##### Canadian Computing Competition: 2021 Stage 1, Senior #4

Toronto has subway stations, numbered from to . You start at station , and every day, you need to reach station to get to school.

There are *one-way* walkways running amongst the stations, the of which allows you
to walk *from* station *to* a different station in minute.
There may be multiple walkways connecting any given pair of stations.

The subway line follows a certain route through the stations, starting at station and visiting each station once. Initially, this route consists of stations , in that order. , and is a permutation of the integers . Only one subway train runs along this route per day, departing from station at 6am in the morning and taking minute to reach each subsequent station. This means that, minutes after 6am, the train will be at station (or at station if ).

Over a period of days, however, the subway line's route will keep changing. At the start of the day, the station and station in the route will be swapped. Note that, after each such change, the route will still begin at station and will visit all stations once each. Changes will carry over to subsequent days – the route will not automatically reset itself back to .

On each of these days, you'd like to determine how quickly you can get to school so you can begin learning things. On the day, starting at 6am in the morning (after the update to the subway line's route), you'll begin your daily trip to station . Each minute, you may either ride the subway to its next stop (if you're currently at the same station as the train and it hasn't already completed its route), take a walkway from your current station to another one, or wait at your current station. Note that your trip begins at the same time as the train's route, meaning that you may choose to immediately ride it if you'd like to, and that you may choose to leave and then get back on the train during your trip.

#### Input Specification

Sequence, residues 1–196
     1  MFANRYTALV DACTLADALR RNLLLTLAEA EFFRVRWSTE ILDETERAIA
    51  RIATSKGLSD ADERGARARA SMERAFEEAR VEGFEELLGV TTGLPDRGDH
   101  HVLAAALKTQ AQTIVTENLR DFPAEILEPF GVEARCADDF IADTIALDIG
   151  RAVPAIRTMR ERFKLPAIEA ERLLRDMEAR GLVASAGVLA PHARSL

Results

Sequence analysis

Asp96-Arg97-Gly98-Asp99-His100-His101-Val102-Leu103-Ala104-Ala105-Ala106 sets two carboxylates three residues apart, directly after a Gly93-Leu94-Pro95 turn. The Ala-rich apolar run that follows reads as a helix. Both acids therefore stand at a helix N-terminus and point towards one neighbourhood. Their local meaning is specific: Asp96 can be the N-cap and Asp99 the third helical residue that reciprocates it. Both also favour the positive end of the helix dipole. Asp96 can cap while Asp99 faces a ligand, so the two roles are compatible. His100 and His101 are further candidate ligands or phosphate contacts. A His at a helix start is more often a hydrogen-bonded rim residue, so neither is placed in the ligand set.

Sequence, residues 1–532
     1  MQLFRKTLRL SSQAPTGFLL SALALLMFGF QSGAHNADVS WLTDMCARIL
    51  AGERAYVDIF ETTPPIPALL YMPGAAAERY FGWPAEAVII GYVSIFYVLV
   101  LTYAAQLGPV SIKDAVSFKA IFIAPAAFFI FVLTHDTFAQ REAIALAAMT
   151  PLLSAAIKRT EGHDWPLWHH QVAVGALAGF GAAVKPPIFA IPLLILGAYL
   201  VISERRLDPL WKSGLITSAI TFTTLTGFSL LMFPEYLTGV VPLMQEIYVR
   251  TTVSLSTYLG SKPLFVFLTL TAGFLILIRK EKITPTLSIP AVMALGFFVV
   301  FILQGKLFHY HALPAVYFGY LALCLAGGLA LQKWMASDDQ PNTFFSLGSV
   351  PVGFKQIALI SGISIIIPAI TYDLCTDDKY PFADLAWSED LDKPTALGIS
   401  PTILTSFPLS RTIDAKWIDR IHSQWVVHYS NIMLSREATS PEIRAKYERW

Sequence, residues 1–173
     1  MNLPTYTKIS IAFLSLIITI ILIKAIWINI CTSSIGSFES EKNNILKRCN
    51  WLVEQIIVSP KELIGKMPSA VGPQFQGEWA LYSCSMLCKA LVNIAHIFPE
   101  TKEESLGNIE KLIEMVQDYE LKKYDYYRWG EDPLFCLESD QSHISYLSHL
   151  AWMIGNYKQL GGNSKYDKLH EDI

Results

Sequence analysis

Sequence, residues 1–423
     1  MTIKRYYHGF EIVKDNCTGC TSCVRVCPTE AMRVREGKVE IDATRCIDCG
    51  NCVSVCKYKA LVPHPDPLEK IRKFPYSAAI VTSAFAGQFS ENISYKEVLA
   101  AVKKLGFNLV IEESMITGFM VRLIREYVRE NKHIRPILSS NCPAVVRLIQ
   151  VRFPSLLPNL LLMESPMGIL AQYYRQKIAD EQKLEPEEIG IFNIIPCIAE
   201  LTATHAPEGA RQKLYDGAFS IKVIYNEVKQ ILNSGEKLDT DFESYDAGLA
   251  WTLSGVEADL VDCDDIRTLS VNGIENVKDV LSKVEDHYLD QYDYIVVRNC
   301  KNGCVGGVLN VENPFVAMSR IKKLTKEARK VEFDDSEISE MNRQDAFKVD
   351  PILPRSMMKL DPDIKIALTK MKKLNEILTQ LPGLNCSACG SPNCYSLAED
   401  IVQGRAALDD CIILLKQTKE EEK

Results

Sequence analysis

The first line contains three space-separated integers, , , and .

The next lines each contain two space-separated integers, and .

The next line contains the space-separated integers, , which form the initial permutation of stations.

The next lines each contain two space-separated integers, and .

The following table shows how the available marks are distributed.

Subtask | |||
---|---|---|---|

marks | |||

marks | |||

marks | |||

marks |

#### Output Specification

The output is lines, with one integer per line. The line is the minimum number of minutes required to reach station on the day .

#### Sample Input

```
4 3 3
1 2
3 4
4 1
1 4 3 2
3 4
4 2
3 2
```

#### Output for Sample Input

```
1
2
3
```

#### Explanation of Output for Sample Input

At the start of the first day, the subway line's route will be updated to visit stations , in that order. On that day, you should simply take the subway to station , taking minute.

On the second day, the route will become , and you should take the subway to station (taking minute) and then walk to station (taking more minute).

On the third day, the route will become . One choice of optimal trip involves walking to station (taking minute), then boarding the train there and taking it through station and finally to station (taking another minutes).

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